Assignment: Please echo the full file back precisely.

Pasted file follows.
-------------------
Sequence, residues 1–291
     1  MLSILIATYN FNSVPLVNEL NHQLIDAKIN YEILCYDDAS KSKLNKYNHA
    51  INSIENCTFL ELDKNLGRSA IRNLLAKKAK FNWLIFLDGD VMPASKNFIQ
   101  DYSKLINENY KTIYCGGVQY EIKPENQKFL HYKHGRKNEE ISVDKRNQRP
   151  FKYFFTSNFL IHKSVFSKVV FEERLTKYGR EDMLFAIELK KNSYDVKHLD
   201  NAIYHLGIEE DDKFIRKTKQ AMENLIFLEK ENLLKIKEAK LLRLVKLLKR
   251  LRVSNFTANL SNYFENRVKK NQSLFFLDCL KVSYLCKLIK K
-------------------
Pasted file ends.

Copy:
Sequence, residues 1–291
     1  MLSILIATYN FNSVPLVNEL NHQLIDAKIN YEILCYDDAS KSKLNKYNHA
    51  INSIENCTFL ELDKNLGRSA IRNLLAKKAK FNWLIFLDGD VMPASKNFIQ
   101  DYSKLINENY KTIYCGGVQY EIKPENQKFL HYKHGRKNEE ISVDKRNQRP
   151  FKYFFTSNFL IHKSVFSKVV FEERLTKYGR EDMLFAIELK KNSYDVKHLD
   201  NAIYHLGIEE DDKFIRKTKQ AMENLIFLEK ENLLKIKEAK LLRLVKLLKR
   251  LRVSNFTANL SNYFENRVKK NQSLFFLDCL KVSYLCKLIK K